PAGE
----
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Math Help - calculus 1 help please! word problem (cost of production/derivative)

  1. #1
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    Exclamation calculus 1 help please! word problem (cost of production/derivative)

    " this project is an application of derivatives to cost and fuel efficiency for your vehicle"

    the average yearly mileage for my car to the nearest thousand is 7000 miles (from question #1)...

    in question #2 i had to state the average price per gallon that i pay for gas which came to be $2.87/gallon

    now i have to write the function C(x) which is the annual cost of fuel for my vehicle as a function of the miles per gallon x. (do not use a specific number for miles per gallon for x here) show work

    help me with this last question ..i dnt know what to do!!!

    (my car has a fuel capacity of 20 mpg...and i use 23 miles (from my house to school) as a reference to get the 7000 miles in question #1 maybe this can help ..i dnt know!!)
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  2. #2
    Member sinewave85's Avatar
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    Quote Originally Posted by natty210 View Post
    " this project is an application of derivatives to cost and fuel efficiency for your vehicle"

    the average yearly mileage for my car to the nearest thousand is 7000 miles (from question #1)...

    in question #2 i had to state the average price per gallon that i pay for gas which came to be $2.87/gallon

    now i have to write the function C(x) which is the annual cost of fuel for my vehicle as a function of the miles per gallon x. (do not use a specific number for miles per gallon for x here) show work

    help me with this last question ..i dnt know what to do!!!

    (my car has a fuel capacity of 20 mpg...and i use 23 miles (from my house to school) as a reference to get the 7000 miles in question #1 maybe this can help ..i dnt know!!)
    Well, just looking at what you have, a function for cost in terms of x = miles per gallon is:

    C(x) = \frac{(7000\ miles)(2.87\ dollars/gallon)}{x\ miles/gallon}

    I left the labels because they show how the "miles" and "gallons" cancel out and the quantity you want -- "dollars" -- remains. Something my physics teacher is big about, and it helps show whether or not you have set up an equation correctly.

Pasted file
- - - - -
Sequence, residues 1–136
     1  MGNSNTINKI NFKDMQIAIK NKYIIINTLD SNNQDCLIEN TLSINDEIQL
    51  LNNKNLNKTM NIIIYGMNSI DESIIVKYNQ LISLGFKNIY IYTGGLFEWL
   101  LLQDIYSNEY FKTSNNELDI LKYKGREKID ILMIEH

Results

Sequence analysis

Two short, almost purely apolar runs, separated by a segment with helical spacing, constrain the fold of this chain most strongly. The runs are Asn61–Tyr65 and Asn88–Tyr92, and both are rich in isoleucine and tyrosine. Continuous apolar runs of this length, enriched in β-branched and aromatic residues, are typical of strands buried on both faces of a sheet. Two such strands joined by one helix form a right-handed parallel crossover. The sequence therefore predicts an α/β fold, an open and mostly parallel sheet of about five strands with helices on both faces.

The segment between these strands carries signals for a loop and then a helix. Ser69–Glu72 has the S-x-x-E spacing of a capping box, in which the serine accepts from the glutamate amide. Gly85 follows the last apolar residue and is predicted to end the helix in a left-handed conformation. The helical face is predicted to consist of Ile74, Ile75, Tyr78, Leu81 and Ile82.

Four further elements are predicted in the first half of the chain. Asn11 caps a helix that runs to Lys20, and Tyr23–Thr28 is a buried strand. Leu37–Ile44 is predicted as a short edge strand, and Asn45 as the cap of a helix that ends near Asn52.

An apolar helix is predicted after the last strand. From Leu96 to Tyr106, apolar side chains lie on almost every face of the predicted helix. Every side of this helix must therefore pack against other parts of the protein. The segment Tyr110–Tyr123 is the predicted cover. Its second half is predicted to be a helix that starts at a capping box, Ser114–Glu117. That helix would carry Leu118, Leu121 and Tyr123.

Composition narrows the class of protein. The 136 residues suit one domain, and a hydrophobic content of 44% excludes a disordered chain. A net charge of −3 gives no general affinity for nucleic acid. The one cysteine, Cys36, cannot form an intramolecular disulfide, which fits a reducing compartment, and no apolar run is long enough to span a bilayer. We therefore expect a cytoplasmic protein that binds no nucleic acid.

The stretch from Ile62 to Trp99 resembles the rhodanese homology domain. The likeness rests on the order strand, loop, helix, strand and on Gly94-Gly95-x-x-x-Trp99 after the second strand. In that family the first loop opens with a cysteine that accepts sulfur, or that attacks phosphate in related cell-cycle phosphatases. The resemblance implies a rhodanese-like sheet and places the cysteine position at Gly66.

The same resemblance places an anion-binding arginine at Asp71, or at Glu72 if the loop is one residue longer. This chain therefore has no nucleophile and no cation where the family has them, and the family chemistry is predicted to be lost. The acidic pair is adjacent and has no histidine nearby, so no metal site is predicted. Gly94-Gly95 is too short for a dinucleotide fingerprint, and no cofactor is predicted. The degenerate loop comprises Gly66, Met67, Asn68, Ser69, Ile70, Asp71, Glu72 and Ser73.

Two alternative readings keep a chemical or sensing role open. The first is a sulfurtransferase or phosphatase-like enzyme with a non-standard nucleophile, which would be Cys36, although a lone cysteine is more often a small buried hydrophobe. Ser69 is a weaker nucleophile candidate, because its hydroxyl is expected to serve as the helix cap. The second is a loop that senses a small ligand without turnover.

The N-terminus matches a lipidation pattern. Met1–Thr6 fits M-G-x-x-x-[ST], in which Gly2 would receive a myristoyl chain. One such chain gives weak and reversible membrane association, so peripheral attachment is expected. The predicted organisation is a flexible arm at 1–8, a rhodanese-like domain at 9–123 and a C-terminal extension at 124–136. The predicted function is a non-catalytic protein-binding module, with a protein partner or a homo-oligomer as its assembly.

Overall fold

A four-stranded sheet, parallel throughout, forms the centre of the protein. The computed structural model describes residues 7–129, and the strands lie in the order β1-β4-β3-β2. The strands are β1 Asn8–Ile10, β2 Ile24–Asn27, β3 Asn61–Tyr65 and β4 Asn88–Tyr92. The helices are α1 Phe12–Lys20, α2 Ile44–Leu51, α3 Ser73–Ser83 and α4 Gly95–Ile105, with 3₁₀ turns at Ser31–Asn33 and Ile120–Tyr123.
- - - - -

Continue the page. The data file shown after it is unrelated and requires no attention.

This is the equation you want for math class:

    C(x) = \frac{(7000)(2.87)}{x}
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    Question

    i got the same answer but what caught my attention was that when i took the derivative of that equation ill get (-7000/x^2)(2.87)!! and i have to do this chart where x is gonna be 10, 15, 20,25 etc.. (the miles) and i am gonna have C(x) and dC/dx where im gonna plug in 10, 15 etc..for x.
    and when i pug in this numbers for x on the derivative formula i get negative numbers!! is this right?? cause it dsnt make sence that the cost is going to be negative!... or did i do the derivative wrong
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    Member sinewave85's Avatar
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    Quote Originally Posted by natty210 View Post
    i got the same answer but what caught my attention was that when i took the derivative of that equation ill get (-7000/x^2)(2.87)!! and i have to do this chart where x is gonna be 10, 15, 20,25 etc.. (the miles) and i am gonna have C(x) and dC/dx where im gonna plug in 10, 15 etc..for x.
    and when i pug in this numbers for x on the derivative formula i get negative numbers!! is this right?? cause it dsnt make sence that the cost is going to be negative!... or did i do the derivative wrong
    I don't see why you need to take the derivative of the equation. Unless there was more to it than what you typed out, we have satisfied the assignment: "Write the function C(x) which is the annual cost of fuel for my vehicle as a function of the miles per gallon x." That is not a related rate problem and there is no need to differentiate the equation.

    Now if you had something like, for instance, "Assume that efficency declines by 0.1 mpg per year, and find the rate at which fuel cost is increasing anually," that would suggest that you diffentiate the equation with regard to time and give you an equation that described the relationship between the rate of change of the efficiency and the rate of change of the cost.

    But as is, this is fairly straightforward: C(10) = 2009, C(15) = 1339.33, C(20) = 1004.5, C(25) = 803.6, etc. As fuel effiecency increases, the annual cost decreases. Your graph is a convex up, downward sloping cuve with a vertical asymptotoe at x = 0 and a horizontal asymptote at y = 0.
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